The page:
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The great thing about music is that it can make someone feel more than one thing at once — sad, angry, funny, triumphant, or even happy. It can be hard to find the words to express everything one feels.
In the wake of the 9/11 attacks, it’s clear that many people have a lot to say. Music has a unique voice, unlike any other media format, and it can speak volumes and spark important discussions.
The songs about 9/11 are truly powerful and moving in their message and meaning.
Top Songs About 9/11
“When The World Stopped” – Alan Jackson
This is a popular country song; it is a sad song about 9/11. It’s a ballad that tells a story of the events during the tragedy on September 11th, 2001. It talks about how people were spending their time watching the news on TV and listening to the radio.
It also talks about how they could not believe what was happening at first, but soon they realized it was happening. Some lines within the song state that people felt their world had stopped.
“9/11” – Wyclef Jean featuring Mary J. Blige
It was written as a response to the September 11th attacks. The song was written by Jean and Blige, who also produced the track with Jerry Duplessis. “9/11” is a hip-hop ballad, with lyrics addressing the pain of those affected by the attacks.
The track reached number 30 on the US Billboard Hot 100 chart and number 10 on the UK Singles Chart.
“9/11 Freestyle Rap” – Jay-Z
When the song was first released, it was aggressive, and people thought Jay-Z should be arrested. Jay-Z goes into a freestyle rap about how he feels about 9/11. He expresses his anger at how America was quick to bomb Afghanistan and Iraq but not quick enough to find Bin Laden.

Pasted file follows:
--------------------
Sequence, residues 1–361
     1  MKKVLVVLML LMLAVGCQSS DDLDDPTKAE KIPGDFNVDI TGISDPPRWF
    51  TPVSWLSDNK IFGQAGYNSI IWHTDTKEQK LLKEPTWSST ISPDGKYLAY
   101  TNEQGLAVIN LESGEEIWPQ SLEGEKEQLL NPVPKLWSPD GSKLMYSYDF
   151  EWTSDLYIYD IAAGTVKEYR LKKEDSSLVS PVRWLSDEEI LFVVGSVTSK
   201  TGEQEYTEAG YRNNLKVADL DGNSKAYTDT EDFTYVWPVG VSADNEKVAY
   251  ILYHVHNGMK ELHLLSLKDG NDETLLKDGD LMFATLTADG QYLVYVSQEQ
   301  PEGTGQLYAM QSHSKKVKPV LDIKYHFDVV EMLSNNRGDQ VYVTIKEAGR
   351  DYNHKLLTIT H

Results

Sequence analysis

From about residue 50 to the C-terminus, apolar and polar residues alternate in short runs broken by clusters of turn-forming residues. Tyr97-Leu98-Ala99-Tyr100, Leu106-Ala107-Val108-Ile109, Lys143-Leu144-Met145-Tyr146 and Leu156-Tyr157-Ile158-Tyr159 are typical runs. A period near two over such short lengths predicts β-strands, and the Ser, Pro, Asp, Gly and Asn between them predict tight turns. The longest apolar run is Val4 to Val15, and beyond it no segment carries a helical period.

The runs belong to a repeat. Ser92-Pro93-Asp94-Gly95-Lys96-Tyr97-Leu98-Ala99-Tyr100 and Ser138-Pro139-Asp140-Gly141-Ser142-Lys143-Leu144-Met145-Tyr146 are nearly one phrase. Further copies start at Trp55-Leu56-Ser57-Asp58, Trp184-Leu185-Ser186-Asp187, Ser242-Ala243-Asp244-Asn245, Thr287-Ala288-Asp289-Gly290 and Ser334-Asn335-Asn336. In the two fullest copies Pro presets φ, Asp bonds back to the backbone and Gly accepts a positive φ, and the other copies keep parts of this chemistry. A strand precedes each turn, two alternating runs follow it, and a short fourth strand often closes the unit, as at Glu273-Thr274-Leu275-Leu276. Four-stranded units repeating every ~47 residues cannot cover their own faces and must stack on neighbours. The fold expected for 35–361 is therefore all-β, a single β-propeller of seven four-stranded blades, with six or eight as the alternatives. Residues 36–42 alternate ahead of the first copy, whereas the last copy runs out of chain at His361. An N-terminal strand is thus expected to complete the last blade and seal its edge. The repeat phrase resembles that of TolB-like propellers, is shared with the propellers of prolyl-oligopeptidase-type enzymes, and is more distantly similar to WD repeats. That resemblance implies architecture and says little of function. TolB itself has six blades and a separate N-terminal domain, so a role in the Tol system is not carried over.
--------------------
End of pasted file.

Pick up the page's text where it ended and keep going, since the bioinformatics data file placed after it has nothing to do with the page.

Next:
As well as this, he also asks how America expects them to feel when they are in a war that has killed over 3000 innocent people from their country.
He then expresses his views on how America has become more concerned about security than freedom and democracy, a feeling that many other citizens share throughout America.
“Sacrificed Sons” – Dream Theater
It’s a song about the sacrifice soldiers when they’re sent off to war, and it’s like they can’t write an anti-war song without writing an anti-religious one too.
The lyrics are so powerful and emotional. It goes against some people’s whole “glory of martyrdom” thing. The song is about 9/11; however, it was written before the event took place.
“Politik” – Coldplay
Coldplay sang “Politik,” and it was about the Iraq invasion. It is on the album “Parachutes,” released in 2000, written by Chris Martin and the band’s lead guitarist Jonny Buckland. The song was striking because of its musical simplicity and because it was a hit.
The lyrics of this song are filled with references to American politics. The world is compared to a stage by the singer. Politicians, he claims, are performers who aren’t as significant as the public believes.
“9/11” – Lady Gaga
9/11 is a hit by Lady Gaga, produced on August 21st, 2011, as the fourth single from her second studio album Born This Way (2011).. The song’s lyrics dealt with emergency services and were inspired by Gaga witnessing her fans’ struggles.
Gaga explained that she “wanted to write [a song] to give the listener a sense of empowerment.” It contains electro and techno music influences while borrowing lyrics from the American folk song “Mary Had a Little Lamb.”
The song has received mixed reviews. Some critics praised its dance-pop nature and the lyrics, while others criticized its use of autotune.
“Around My Way” – Talib Kweli
The song is a tribute to the police officers, volunteers and firefighters who died on 9/11. This song also shows the feelings of Americans who were angry with Osama Bin Laden’s attacks.
This song was not just about 9/11, but also it was a great way to show how we are all brothers and sisters of America because this attack struck everyone’s heart. Talib Kweli said that he wrote the song after hearing about September 11th.
He claimed that 90% of Americans did not know how to react to the situation and felt powerless as citizens.
“Patiently Waiting” – 50 Cents & Eminem